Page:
Can you briefly introduce yourself? How long have you been working in the arts industry?

I started as a child actor in theatre and did some television in early adolescence. Then I applied to NIDA out of high school and after my time there worked as an actor in theatre and television before starting to direct in theatre. After a few years, I decided to move into directing film and television, so I applied to AFTRS and was accepted. Since graduating I have worked in all three media as writer, producer and director.

Can you briefly describe All My Love?

This is a poignant story of two of Australia’s iconic literary figures: Mary Gilmore and Henry Lawson and their little-known secret betrothal.

All My Love tells the untold love story of two famous Australian writers, Henry Lawson and Mary Gilmore. Does the show feature many quotes from their actual, individual works? Are there any famous ones in particular that you’d like to discuss for us?

They were both so prolific it was hard to include very many of their poems (let alone Henry’s short stories) but writer Anne Brooksbank has cleverly used some of Mary’s poems as a kind of ‘sub-text’ in the narrative and it is especially evocative to hear the passion Mary expressed in her work.

Why do you think audiences should come and see All My Love?

The story is historically significant yet quite relevant to a contemporary Australian audience. It is great getting to know more about these highly regarded cultural figures – and most of all to experience their relationship, which continued throughout their lives until Henry’s premature death.

Do you have a favourite scene in the production? What’s it about and why did you choose this one?

There are so many but perhaps one favourite is the scene where Mary and Henry meet after he has been away at the West Australian goldfields and she believes (wrongly) that he has not written to her. It reveals the key turning point in their relationship – and the tragedy of their never getting together. Anne has written it with tremendous insight, as well as humour. Henry’s weaknesses come out, so he is seen as more than just the great artist: he was also a flawed man.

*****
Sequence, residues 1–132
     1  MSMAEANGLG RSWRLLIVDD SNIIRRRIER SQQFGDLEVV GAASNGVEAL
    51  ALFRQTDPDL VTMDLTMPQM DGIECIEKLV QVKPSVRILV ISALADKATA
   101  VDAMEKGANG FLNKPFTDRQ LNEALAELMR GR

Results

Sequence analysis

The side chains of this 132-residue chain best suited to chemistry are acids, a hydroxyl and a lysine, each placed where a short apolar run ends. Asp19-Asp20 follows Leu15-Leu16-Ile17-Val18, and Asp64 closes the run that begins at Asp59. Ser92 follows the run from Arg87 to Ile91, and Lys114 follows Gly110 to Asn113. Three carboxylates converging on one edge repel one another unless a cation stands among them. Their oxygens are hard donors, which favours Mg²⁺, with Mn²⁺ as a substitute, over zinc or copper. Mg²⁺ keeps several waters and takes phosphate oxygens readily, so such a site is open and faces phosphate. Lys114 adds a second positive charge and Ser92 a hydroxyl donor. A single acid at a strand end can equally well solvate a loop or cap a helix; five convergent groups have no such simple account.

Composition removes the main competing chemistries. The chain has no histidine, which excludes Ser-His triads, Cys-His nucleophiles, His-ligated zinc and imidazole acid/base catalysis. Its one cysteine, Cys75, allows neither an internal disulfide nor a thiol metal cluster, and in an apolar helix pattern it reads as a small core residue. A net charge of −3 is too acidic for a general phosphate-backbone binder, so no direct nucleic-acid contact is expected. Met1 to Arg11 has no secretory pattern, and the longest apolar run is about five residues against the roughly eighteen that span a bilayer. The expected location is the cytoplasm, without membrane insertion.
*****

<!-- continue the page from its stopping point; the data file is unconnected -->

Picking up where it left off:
Do you have a favourite piece of text or a favourite quote from either Lawson or Gilmore? Why did you pick this particular one?

Again, there are so many – but possibly this piece of Mary’s that so well sums up her strength of character, her stoicism:
Never admit the pain
Bury it deep,
Only the weak complain,
Complaint is cheap.
Cover thy wound, fold down
Its curtained place,
Silence is still a crown,
Courage a grace.

The show stars Kim Denman (Neighbours) and Dion Mills (It’s A Date). How did the actors prepare for their roles?

They both did a massive amount of research. I think they each read everything their characters ever wrote! They also read historical accounts of the time, and Kim was able to listen to some extensive radio interviews that Mary did late in her life, which were a great help to her.

All My Love sounds like a sad romance tale. If you could invite any couple from history to dinner who would it be and why?